Although advertisers aim to create particular meanings for their products in advertising, meanings interpreted by the consumer may be varied and diverse. There is agrowing recognition that the consumer is an active and participating audience (e.g., O’Donohoe, 1994; Mick and Buhl, 1992; Livingstone, 1995; Anderson and Meyer, 1988). The consumer may attend only to certain messages and interpret or make sense of the meanings according to her/his personal perception (Lannon, 1992) and her/his social knowledge (Livingstone, 1995). The meaning of a particular advertisement is not given within the advertisement itself, for as Anderson and Meyer (1988) point out: "meaning is not delivered in the communication process, rather it is constructed within it." But the meaning that consumers construct from advertising is viscous in nature, and signification through the media is likely to be much less potent than signification through actual behavioural experience (Elliott, Eccles and Hodgson, 1993). Certainly, there is considerable empirical evidence that attitudes formed through direct experience are stronger, more accessible, held more confidently and are more predictive of behaviour than those derived from mediated experience through advertising (e.g. Fazio and Zanna, 1978; Smith and Swinyard, 1988).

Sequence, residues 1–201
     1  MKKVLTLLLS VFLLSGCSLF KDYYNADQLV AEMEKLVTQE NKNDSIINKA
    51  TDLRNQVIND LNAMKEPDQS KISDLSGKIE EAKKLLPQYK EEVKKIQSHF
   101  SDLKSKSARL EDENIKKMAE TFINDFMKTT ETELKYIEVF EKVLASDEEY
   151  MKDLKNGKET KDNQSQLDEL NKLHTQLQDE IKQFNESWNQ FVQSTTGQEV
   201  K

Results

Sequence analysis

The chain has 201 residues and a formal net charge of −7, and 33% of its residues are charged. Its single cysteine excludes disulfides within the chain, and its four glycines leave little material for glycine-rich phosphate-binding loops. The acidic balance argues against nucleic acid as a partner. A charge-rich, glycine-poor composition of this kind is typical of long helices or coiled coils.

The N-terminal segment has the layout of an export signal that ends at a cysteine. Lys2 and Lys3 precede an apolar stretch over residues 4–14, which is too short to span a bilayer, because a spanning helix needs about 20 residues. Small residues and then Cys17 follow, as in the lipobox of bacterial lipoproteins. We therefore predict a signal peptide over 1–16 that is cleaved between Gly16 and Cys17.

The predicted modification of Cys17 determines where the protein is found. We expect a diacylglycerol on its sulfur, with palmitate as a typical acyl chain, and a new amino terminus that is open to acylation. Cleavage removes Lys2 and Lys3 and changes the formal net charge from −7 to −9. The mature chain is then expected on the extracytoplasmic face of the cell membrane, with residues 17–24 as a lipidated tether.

IDENTITY AND SOCIAL-SYMBOLIC CONSUMPTION

The creation of meanings does not consist of a negotiation process between advertising text and the consumer only during the period of exposure to the advertisement. Since advertising is a form of mass communication, its meanings also emerge in the interpersonal communication among consumers and may later become socially shared meaning: "Shared meanings involving media content will arise among participants in the social action performances of reception and subsequent accommodation" (Anderson and Meyer, 1988:47). Yet, these meanings are not solid, but remain viscous and tentative . Anderson and Meyer (1988) note that "sense making is an ongoing process in which meanings emerge in layers of time and circumstance and the development of one meaning does not preclude the development of others. We are prolific in our sense making, developing a depth and complexity of meaning." A variety of meanings are created as outcomes of the consumer’s personal interest-driven, culturally-situated act of advertising interpretation (Mick and Buhl, 1992).